The satellite towns, like Kubwa in the outskirts of the city, are home to a mixture of these “middle class” Nigerians and others below this class, many of who also come in from as far as neighbouring Kaduna and Nassarawa or outskirts like Gwagwalada, every day. The Mararaba/Nyanya/Karu residents and people from other satellite towns, outskirts and neighbouring states make up over 60 per cent of workers that troop into the city centre every day. The little traffic situations that develop in the city usually occurs during the mass movement from and to these places early in the morning and at close of business. In Mararaba/Nyanya for instance, one may be reminded of the ‘madness’ of Lagos, as the area is densely populated, as one can imagine. Boko Haram’s limited foray into the capital in the past was largely concentrated in just this kind of places, with the considerably lesser security.

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The true nature of Abuja as “no man’s land” is aptly demonstrated at the close of the year, during the Christmas and New Year preparation and festivities. The city experiences a mass exodus of people who leave the capital to join their families elsewhere in Nigeria. The not so choked streets are near empty during this period, and businesses often feel the strain of reduced patronage during this time. Even the usually busy nightlife at weekends is reduced to a few trickles of people who, for one reason or the other, remain in the capital during this period. In this sense, the allure of Abuja is no match for the pull of family ties and kinship, which the capital city cannot boast of, even amongst Northerners.

Many drivers now on the roads of Abuja relocated from places like Lagos, and the Lagos mentality is gradually seeping into Abuja roads. Other people, skilled and unskilled labour alike, are also making the move. Abuja is expanding and word is going round. The growth of the city spells opportunity, and opportunity in Nigeria cannot be reserved for the “privileged”.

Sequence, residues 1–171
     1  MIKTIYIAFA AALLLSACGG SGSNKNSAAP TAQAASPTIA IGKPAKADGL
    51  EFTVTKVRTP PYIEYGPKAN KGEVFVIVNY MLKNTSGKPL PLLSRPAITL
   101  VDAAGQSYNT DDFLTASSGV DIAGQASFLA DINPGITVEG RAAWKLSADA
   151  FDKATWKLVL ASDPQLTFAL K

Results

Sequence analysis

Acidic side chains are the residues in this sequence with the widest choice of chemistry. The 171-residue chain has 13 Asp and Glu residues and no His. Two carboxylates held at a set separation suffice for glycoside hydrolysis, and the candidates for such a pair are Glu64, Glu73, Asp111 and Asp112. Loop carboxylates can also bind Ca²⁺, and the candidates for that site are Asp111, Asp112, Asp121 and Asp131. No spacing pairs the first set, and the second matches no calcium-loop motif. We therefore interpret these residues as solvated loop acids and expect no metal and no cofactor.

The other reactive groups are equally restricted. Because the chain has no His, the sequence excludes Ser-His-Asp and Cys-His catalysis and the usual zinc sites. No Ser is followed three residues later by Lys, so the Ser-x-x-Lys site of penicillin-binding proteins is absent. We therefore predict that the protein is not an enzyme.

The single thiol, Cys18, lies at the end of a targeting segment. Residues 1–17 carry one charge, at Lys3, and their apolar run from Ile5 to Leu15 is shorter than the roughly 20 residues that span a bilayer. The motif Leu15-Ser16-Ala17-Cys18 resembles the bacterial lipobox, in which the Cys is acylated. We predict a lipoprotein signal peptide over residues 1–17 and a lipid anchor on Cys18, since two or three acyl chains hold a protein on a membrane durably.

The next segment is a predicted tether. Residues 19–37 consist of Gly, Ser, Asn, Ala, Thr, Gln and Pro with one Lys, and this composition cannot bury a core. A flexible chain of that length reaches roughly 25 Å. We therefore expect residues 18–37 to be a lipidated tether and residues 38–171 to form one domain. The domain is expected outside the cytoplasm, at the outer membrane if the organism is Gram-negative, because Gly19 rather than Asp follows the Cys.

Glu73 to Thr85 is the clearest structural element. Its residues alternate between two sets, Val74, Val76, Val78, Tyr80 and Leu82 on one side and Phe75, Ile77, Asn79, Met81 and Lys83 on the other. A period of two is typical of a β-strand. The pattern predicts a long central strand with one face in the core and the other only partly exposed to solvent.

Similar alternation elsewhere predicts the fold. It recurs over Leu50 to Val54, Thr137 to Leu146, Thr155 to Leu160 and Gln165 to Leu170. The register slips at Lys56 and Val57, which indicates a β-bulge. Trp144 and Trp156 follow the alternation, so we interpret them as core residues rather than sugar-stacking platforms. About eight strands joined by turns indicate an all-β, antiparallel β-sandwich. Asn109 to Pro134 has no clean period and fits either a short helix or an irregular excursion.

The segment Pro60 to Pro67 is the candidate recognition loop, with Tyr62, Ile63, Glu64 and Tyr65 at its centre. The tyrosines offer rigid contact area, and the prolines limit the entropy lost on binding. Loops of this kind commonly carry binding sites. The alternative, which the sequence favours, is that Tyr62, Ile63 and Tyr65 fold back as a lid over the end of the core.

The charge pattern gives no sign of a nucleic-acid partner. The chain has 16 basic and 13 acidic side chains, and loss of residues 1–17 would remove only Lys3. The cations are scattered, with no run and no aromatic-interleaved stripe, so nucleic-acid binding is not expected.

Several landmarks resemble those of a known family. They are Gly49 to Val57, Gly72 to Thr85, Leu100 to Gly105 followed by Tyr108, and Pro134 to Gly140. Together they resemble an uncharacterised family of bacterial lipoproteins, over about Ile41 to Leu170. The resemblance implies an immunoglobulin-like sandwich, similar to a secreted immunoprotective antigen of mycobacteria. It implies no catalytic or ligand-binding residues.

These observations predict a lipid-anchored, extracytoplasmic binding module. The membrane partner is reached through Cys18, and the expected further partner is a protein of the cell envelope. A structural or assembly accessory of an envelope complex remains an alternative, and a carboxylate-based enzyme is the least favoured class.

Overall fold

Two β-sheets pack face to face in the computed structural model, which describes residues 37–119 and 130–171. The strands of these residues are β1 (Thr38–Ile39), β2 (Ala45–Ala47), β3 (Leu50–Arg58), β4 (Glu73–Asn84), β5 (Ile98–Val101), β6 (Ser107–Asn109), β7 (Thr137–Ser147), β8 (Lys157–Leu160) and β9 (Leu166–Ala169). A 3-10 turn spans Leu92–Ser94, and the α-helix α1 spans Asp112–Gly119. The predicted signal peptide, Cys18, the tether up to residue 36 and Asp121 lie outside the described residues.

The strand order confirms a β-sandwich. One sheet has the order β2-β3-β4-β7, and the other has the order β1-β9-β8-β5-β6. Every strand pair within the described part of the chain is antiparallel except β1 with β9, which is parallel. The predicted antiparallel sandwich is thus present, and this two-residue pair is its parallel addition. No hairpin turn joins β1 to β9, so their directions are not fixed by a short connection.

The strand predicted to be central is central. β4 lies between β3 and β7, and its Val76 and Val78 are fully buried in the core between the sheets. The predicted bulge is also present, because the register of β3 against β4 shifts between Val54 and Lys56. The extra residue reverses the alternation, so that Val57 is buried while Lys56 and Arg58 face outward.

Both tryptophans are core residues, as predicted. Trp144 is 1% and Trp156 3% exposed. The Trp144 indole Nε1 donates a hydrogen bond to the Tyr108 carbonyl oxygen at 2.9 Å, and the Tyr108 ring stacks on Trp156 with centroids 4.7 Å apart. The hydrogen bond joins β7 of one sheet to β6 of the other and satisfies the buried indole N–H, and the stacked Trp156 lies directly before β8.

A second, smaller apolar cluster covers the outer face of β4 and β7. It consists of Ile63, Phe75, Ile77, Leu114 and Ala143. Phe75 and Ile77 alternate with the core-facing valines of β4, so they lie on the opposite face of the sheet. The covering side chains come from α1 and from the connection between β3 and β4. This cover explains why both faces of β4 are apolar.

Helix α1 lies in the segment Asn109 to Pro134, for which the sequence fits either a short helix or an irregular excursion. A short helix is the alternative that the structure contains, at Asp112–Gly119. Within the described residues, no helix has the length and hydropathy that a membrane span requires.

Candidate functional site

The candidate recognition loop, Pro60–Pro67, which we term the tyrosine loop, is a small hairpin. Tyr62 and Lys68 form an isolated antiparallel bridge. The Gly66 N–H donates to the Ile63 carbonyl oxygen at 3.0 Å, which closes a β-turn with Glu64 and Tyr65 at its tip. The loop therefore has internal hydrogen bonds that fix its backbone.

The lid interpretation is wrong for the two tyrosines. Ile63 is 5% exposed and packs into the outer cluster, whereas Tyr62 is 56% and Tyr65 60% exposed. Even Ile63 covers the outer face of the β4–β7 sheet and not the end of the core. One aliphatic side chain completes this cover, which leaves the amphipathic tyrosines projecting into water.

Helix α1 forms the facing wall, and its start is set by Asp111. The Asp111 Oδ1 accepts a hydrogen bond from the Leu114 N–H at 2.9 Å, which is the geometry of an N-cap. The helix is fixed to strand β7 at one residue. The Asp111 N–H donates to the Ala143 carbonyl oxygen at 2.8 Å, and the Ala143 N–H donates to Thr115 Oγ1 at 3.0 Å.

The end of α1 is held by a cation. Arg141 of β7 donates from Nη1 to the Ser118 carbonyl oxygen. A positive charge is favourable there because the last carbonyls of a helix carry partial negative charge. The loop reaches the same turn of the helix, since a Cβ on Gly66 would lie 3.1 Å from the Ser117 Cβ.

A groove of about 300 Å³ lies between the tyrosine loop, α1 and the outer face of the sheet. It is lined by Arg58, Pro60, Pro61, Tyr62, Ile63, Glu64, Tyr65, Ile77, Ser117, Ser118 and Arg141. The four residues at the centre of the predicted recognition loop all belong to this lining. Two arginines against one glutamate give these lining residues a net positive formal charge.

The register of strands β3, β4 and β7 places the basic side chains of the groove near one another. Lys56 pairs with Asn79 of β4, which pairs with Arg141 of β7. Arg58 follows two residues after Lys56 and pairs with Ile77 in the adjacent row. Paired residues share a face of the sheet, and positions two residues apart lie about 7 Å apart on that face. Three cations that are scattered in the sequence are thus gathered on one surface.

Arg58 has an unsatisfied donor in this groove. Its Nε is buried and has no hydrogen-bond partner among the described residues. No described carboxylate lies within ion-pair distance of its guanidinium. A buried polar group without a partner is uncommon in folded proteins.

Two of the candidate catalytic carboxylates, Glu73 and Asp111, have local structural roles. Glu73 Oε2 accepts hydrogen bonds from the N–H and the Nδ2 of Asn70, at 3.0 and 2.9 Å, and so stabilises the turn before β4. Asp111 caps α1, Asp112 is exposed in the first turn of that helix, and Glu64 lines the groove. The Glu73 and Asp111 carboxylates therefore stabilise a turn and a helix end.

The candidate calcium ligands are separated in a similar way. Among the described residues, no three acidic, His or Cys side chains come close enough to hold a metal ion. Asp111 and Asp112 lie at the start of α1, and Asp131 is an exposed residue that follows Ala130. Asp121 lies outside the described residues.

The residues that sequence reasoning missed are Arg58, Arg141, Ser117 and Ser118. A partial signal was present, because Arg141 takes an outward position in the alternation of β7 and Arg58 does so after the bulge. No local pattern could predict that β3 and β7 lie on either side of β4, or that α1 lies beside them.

It is safe to say that the foreign aid worker referred to in the beginning of this piece never ventured outside the city centre, into the shanty towns that dot the capital or the dense outskirts that house over 60 per cent of the workforce. The foreign aid worker also may have not been forced to use the government provided transportation, similar to the BRT buses of Lagos – referred to as “El-Rufai buses” – which are insufficient, and are packed like the famous Molues of Lagos. The private Kabu kabu cars and the associated touts they attract, with their unions and self-designed rules, fill the transportation void in most parts of the city. Slowly, the Lagos vibe is coming to Abuja, and if the population continues to increase the way it is, we may have Lagos-style traffic gridlocks in the city in less than two decades. The signs are already there.

Many drivers now on the roads of Abuja relocated from places like Lagos, and the Lagos mentality is gradually seeping into Abuja roads. Other people, skilled and unskilled labour alike, are also making the move. Abuja is expanding and word is going round. The growth of the city spells opportunity, and opportunity in Nigeria cannot be reserved for the “privileged”. David Mark, former senate president, famously made the remark that “Abuja is not for everybody”, in reference to complaints by the mass of low level workers who grumbled about the cost of living in the city. It seems Nigerians disagree with the senator, with the continuing inflow of people into the capital. The surging population may soon begin to tell on the wealthy few, who are still insulated in their ivory towers in Asokoro, except the Federal Capital Territory Administration (FCTA), develops a plan to manage the inevitable population growth.

The beauty of Abuja is a constant image of what can be, in all 36 states, with the availability of funding and careful management. Even though the capital is not a complete project as yet, it is miles beyond most Nigerian cities and the attempt to close the door of opportunity with high living standards is failing so far, precisely because of that disparity. All Nigerians want to live a better life, and until the rural communities catch up, the rural to urban migration will continue, especially amongst the teeming youth of this country.